The use of technology is embedded in the classroom. The unspoken promise of technology in the classroom is that it enables students to learn better, easier and more than they did in an era without technology and it also facilitates the work of the teacher. However, if we consider, for example, the use of search technology, it is noticeable that this promise is rarely, if at all, fulfilled. In any case, it is more complex than first assumed. Technology allows both teachers and students to access the rich set of up-to-date multimedia resources that can support their knowledge acquisition process. Yet, for information retrieval technology (i.e., search tools such as Google) there is still an enormous gap between users’ information needs and access to resources that satisfy them. We argue that while the use of these tools is seamlessly integrated in the daily lives of students and teachers, when it comes to classroom use, it needs a lot of adjustment and in-depth studies.
The main objective of this paper is to outline how technology is, but more importantly, could be used in the classroom with a specific focus on the four elements of study we encountered in our earlier explorations:
(1) the need to adjust the curriculum;
(2) re-definition of the role of the teacher;
(3) the importance of cooperation and support among the students when using search technology; and
(4) the complexity of constant introduction of new (search) technology.
Our methodology consists of conducting an in-depth analysis of existing literature based on the aforementioned four points as well as contextualizing lesson learned from recent studies we conducted in primary schools of two European countries.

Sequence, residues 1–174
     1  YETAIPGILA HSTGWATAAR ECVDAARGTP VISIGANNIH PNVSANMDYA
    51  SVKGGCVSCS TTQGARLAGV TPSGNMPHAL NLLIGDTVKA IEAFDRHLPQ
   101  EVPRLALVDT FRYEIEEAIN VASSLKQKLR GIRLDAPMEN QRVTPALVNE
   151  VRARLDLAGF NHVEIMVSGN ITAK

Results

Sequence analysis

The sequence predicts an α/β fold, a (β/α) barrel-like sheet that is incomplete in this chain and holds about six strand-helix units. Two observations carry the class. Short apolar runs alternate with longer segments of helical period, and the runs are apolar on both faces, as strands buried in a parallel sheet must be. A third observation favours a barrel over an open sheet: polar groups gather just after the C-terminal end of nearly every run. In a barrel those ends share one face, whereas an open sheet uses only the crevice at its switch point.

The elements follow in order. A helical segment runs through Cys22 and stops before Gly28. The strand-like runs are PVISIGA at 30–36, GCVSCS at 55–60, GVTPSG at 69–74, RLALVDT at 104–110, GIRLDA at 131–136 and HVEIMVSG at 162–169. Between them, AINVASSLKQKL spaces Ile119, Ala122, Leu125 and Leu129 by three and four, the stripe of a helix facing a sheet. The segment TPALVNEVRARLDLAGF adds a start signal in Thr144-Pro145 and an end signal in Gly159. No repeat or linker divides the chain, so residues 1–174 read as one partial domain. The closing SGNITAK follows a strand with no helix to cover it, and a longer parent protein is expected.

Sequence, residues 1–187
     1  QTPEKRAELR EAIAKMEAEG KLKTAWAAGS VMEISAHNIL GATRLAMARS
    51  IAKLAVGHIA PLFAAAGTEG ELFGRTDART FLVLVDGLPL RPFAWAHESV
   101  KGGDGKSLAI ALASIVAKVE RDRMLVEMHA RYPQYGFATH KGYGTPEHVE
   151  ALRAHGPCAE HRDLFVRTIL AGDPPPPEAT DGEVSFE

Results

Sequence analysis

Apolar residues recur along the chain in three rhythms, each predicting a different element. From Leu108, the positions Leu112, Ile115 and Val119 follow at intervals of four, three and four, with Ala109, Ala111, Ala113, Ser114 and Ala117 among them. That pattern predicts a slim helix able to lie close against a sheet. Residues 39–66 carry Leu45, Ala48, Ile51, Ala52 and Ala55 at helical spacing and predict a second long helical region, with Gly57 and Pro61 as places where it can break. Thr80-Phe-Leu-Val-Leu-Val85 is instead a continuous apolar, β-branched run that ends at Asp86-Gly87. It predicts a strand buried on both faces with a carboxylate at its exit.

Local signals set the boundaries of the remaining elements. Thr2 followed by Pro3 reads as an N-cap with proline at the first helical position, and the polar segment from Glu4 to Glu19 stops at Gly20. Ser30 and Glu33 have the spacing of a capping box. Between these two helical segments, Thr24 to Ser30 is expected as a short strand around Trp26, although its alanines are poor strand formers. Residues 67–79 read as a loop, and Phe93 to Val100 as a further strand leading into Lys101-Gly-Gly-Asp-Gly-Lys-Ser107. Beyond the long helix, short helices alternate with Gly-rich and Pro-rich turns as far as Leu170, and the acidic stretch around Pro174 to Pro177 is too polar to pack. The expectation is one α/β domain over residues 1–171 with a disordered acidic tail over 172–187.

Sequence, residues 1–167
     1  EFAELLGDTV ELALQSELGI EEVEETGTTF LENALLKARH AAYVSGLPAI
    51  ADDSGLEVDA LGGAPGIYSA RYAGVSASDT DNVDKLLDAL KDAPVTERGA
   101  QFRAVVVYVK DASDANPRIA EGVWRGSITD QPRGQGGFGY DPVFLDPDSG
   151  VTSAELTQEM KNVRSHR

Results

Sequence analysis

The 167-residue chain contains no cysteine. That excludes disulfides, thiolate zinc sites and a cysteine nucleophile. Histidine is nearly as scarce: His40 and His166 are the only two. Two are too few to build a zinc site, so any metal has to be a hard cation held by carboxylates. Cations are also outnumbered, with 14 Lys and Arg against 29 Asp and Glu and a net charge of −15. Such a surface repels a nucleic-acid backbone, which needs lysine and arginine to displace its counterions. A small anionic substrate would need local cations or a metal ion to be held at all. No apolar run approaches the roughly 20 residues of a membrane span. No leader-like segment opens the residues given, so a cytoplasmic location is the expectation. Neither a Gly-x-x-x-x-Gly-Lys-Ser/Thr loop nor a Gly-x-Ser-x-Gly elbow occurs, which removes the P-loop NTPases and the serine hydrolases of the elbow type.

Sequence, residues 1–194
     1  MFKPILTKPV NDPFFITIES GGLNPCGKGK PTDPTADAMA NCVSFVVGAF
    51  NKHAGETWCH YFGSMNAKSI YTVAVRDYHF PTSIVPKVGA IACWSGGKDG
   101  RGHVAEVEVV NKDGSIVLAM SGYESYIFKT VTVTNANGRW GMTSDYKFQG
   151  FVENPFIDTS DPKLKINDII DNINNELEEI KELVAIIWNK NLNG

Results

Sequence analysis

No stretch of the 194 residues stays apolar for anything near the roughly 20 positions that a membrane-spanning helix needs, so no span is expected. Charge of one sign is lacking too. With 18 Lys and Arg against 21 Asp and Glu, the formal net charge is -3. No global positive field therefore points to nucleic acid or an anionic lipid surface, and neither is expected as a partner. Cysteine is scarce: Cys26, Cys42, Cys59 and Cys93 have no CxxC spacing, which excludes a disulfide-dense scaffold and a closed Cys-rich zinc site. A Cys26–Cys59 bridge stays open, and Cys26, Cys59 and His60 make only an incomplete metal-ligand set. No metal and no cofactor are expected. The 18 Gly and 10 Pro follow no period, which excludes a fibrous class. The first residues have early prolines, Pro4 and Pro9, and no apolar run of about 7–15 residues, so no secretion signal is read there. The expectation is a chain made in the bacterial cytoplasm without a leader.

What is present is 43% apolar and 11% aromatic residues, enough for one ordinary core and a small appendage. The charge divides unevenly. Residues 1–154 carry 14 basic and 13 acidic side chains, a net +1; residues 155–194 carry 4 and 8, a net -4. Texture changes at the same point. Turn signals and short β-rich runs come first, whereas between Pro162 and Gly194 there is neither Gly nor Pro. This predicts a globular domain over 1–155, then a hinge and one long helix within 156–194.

The results of our analysis are assembled in a road map pointing out the steps, skills, roles and shifts necessary to achieve an effective use of technology in a school context. These take-aways include the need for developing curriculum dedicated explicitly to media literacy with specific emphasis on search literacy, addressing the constant introduction of new search technology (e.g., vocal assistants, robots, and specific educational tools), fostering cooperation and support with peers when children use search systems, and promoting the fact that teachers can and should play a crucial role as intermediaries for, and curators of, this technology in the classroom ecosystem, as well as describing the kind of support teachers, students, and technology should provide so that the promise of search technology in an educational setting comes true.
Our considerations pave the way for the definition of a stronger and more articulated support to the search element inside the existent media literacy curriculum. This in turn will support students across their educational path and equip them with a solid foundation for dealing with the development of 21 century skills such as computational thinking and the plethora of novel interactions they will encounter in their future search experiences. We argue that by learning how to search students develop and consolidate critical and logical skills essential for their future as life-long learners.